Ken Coleman: What 'One Question' Do You Need to Ask?

Ken Coleman is the author of "One Question: Life Changing Answers from Today's Leading Voices." In the book, he asks figures such as Robin McGraw, President Jimmy Carter, and Malcolm Gladwell one question about topics including succeeding, sustaining, and surviving. He spoke with The Christian Post about the questions' origins and how he chose whom to ask questions of.

The Christian Post: Where did you get the idea for asking leaders "one question"?

Coleman: I was doing some yard work, coming off a disappointing opportunity, and was licking my wounds, thinking through the fact that I needed to create a platform for myself. I had interviewed A-listers from every walk of life, and it just hit me: What if I were to launch and audio blog and go in and edit out the best questions and answers to the best interviews I had done? I just thought it was a really good idea … We have an Attention Deficit Disorder in our country-what if I could edit my interviews and get to the heart of the matter? It quickly became popular, went viral, and was even a hit podcast on iTunes. Fast-forward a bit, and a best-selling author connected me with his agent, and the rest is history. I never set out to make a book, but because of the success of the audio project, it worked as a book.

CP: How did you choose which leaders to speak with?

Coleman: Before I ever chose the guest, I spent about a day and a half thinking about the big questions of life, the big topics of life, and I looked at it personally. I sat down and asked what the big questions and topics were that I had asked. I mapped them all out and put them into three categories – the three seasons of life we seem to all go through at some point in our lives: succeeding, sustaining, and surviving. I categorized the topics, then I began to pick 3-5 names of people I felt had the experience and the expertise to answer those questions.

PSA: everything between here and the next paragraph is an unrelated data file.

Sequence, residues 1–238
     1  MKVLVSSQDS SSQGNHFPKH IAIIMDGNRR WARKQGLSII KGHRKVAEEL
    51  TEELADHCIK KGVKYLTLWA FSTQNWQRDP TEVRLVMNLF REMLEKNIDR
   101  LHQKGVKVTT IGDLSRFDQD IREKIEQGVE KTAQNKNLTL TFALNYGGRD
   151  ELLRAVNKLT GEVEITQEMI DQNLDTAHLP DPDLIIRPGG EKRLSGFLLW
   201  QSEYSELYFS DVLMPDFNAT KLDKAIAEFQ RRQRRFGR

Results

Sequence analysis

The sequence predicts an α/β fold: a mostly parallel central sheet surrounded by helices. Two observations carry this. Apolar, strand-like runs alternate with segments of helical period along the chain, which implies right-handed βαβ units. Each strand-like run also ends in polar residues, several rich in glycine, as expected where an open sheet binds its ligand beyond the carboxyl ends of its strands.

CP: What did you learn through this process?

Coleman: The short and easy answer is that I learned something from every person. These are big questions, and I learned a lot. I learned that in asking the "one question," which is a different question for every person, I felt that the guests enjoyed being asked just one question and they liked the concept of asking themselves what they are still learning. I enjoyed learning that a question is such a valuable, valuable tool. I don't want to just help people – I want to drive home the message that a question is a powerful tool and if we use it well, it can yield great results.

CP: What are your future projects?

Coleman: Right now I'm really thinking that graduation will be a great time for people to read this book. I think this is life wisdom – it will be relevant for the next 30 years. I don't know what's next, but I'm trying to trust God. I don't see a starting line anymore, so I'm trusting God to lead me to what's next. I want to create a curiosity revelation.

A research study shows that when we're younger, we ask hundreds of questions per day but by the time we reach 18, we're only asking 2-3 questions every day. At my house now, I gather my three kids together and have them ask any three questions they want to. The natural reaction of a parent is to stop the questioning, but when you look at the kids and tell them they can ask anything, their faces light up and you can see their brains start working. The whole point of it is not what you're trying to inform them but trying to teach them that asking questions is fun and we should ask questions and keep learning.

To learn more about Ken Coleman and "One Question," click HERE.